static void

Entity Framework Code First Mapping

Optimistic Concurrency

EF CF follows SQL Server's confused naming (timestamp/rowversion)- the attribute is [Timestamp] and the fluent config marker is IsRowVersion()

public byte[] RowVersion { get; set; }

Property(m => m.RowVersion).IsRowVersion();

For other non=primary key properties to be involved in optimistic concurrency, add [ConcurrencyCheck] or .IsConcurrencyToken()

public string LoginName { get; set; }

Property(m => m.LoginName).IsConcurrencyToken();

Value Objects (aka Complex Types aka Components)

Value objects in DDD are objects defined by their attributes, not by identity (like Entities). The canonical example is a Person entity which has an Address value type. On the database side of an ORM, the value properties simply live inside the entity table (People table has [Address_AddressLine1] column). In NHibernate these are called Components, in EF they are Complex Types.
If you follow conventions, it should just work. They must have no key ("Id" property) or be in a collection (ICollection<Address>), and you can't have nested complex types. If you have anything that looks like an "Id" property, mark the class with [ComplexType]. In code:

//must be AFTER model.Configurations.Add
    .Property(p => p.AddressLine1).HasColumnName("Address1");

Or create a mapping class:

public class AddressConfiguration : ComplexTypeConfiguration<Address>

Instantiate the value object in the parent entity's constructor.

Ignoring classes and properties

Related classes will be mapped even if they are not in a DbSet. So mark them as [NotMapped] or in code:


Unlike NHibernate, all properties with public getters and a public/internal/private setter are mapped automatically. Properties with getter but no setter are automatically ignored. Private setters are allowed, and the property will be mapped, so you may need to mark them to be ignored.

For properties (such as calculated properties), use the same markers i.e.[NotMapped] and

Ignore(m => m.CalculatedProperty);

NB: you can map internal properties (if they are in the same assembly, or with InternalsVisibleTo) if you explicitly configure them in the fluent API. You can also map protected and private properties if the mapping configuration is nested inside the entity.
Setters can be private if the getter is public, but this doesn't work in MediumTrust (eg Azure hosting).


Since EF 6.1 (2014), you can add an [System.ComponentModel.DataAnnotations.Schema.Index(IsUnique = true)] to properties (if your entities project references EF).

Fluent configuration in DbContext.OnModelCreating is available, but really ugly.

modelBuilder.Entity<MyEntity>().Property(x => x.Name)
        new IndexAnnotation(new IndexAttribute { IsUnique = true }));

Both these create the migration instruction, or you can add it manually:

CreateIndex("dbo.MyEntities", "Name", unique: true);

Table Per Hierarchy (TPH)

In the database, this is a single table with a discriminator column. This is the default inheritance model in CF if it finds class inheritance; it creates a column [Discriminator] nvarchar(128) NOT NULL. The type name is the value.

By default, EF Code First turns inherited classes into TPH. If you specify table names for the derived classes you get TPT (see below).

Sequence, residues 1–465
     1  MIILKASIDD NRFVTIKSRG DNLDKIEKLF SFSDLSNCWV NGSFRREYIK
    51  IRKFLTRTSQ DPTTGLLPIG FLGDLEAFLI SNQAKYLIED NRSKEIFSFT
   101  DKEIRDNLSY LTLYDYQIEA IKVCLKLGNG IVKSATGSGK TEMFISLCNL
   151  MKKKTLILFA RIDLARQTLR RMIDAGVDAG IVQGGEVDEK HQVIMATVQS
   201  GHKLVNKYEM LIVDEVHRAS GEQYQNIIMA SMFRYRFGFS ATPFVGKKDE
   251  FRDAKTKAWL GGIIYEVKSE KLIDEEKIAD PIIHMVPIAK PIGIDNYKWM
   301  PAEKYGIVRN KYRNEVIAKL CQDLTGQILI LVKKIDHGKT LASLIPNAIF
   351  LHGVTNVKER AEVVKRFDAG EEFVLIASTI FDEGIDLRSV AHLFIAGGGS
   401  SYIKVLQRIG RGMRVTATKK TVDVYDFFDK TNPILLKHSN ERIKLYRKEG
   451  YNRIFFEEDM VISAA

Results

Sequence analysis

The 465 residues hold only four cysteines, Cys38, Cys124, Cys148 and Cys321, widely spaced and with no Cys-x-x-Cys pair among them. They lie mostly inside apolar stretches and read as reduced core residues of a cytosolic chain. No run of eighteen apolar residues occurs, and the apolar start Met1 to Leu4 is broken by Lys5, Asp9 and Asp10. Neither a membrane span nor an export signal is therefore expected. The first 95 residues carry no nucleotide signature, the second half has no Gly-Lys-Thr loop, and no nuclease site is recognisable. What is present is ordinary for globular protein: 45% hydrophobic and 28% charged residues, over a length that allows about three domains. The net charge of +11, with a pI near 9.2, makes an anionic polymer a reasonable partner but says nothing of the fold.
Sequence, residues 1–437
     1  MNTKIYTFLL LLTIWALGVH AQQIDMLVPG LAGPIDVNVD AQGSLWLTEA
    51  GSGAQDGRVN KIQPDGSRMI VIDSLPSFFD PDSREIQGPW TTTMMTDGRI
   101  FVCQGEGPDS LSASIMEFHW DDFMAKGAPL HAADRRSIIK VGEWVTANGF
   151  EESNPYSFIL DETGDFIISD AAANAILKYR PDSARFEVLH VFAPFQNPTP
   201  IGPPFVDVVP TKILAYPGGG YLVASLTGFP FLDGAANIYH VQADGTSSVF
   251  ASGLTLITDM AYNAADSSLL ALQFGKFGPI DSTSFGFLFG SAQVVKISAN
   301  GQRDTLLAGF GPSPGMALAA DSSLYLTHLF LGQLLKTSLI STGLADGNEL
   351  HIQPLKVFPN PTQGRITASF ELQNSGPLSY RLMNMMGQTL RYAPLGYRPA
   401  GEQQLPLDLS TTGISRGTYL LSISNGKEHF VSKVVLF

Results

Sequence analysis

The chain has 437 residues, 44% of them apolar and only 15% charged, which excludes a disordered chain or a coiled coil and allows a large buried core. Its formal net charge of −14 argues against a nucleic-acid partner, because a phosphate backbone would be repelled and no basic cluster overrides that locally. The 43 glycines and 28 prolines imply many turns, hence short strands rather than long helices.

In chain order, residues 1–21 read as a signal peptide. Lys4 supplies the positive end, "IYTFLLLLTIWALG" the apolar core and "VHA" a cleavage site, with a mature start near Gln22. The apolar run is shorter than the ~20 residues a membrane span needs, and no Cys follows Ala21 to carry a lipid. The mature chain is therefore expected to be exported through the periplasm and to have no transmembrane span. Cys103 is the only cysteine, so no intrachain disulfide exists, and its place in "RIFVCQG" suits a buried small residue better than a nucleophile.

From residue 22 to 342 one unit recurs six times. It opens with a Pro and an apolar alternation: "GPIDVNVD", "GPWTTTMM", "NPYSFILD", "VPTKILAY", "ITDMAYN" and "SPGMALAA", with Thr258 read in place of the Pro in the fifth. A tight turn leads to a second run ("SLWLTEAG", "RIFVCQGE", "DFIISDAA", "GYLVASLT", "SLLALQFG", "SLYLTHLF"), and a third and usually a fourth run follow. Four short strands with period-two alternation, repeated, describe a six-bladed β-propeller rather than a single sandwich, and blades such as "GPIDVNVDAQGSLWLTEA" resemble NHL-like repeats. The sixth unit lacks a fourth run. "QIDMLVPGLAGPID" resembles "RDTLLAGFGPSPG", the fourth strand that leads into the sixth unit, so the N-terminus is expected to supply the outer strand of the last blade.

You can customize the discriminator column in the fluent API. For each derived class:

public class CatConfiguration : EntityTypeConfiguration<Cat>
    public CatConfiguration()
        Map(m => m.Requires("CarnivoreType").HasValue("Cat"));

If the base class is not abstract, it can also have the .Requires(name).HasValue(object). The value doesn't have to be a string... EF will infer the database type (int or bool).

There is a bug in EF 4.3 (fixed in EF 5). Don't map the derived classes in the base class with chaining... you'll get an exception "Map was called more than once for type 'Cat' and at least one of the calls didn't specify the target table name."

From EF 5, the following chaining is also fine:

Map(m =>
.Map<Cat>(m => m.Requires("CarnivoreType").HasValue("Cat"))
.Map<Dog>(m => m.Requires("CarnivoreType").HasValue("Dog"));

Type per Type (TPT)

In the database, this is a base table (= the base class) with separate tables for each derived class and a foreign key between them.
You can map the derived table classes to specific names with .ToTable("x") or more explicitly from the base class:

There's a bug in EF 4.3 (possibly the same as in TPH), where the chaining in the base class doesn't work. The error is "The type 'Cat' has already been mapped to table 'Cats'. Specify all mapping aspects of a table in a single Map call."

public class CarnivoreConfiguration : EntityTypeConfiguration<Carnivore>
    public CarnivoreConfiguration()
        //the base table
        Map(m => m.ToTable("Carnivores"))
            //the derived tables
            //EF 4.3 InvalidOperationException:
            //  The type 'Cat' has already been mapped to table 'Cats'.
            //  Specify all mapping aspects of a table in a single Map call.
            .Map<Cat>(m => m.ToTable("Cats"))
            .Map<Dog>(m => m.ToTable("Dogs"));

The less explicit way (workaround for EF 4.3):


Table per Concrete Class (TPC)

In the database, this is a table per derived class, with no common base table. In the fluent API you use MapInheritedProperties - but you will have to add explicit mappings for navigation properties.

    .Map(m =>
    .Map(m =>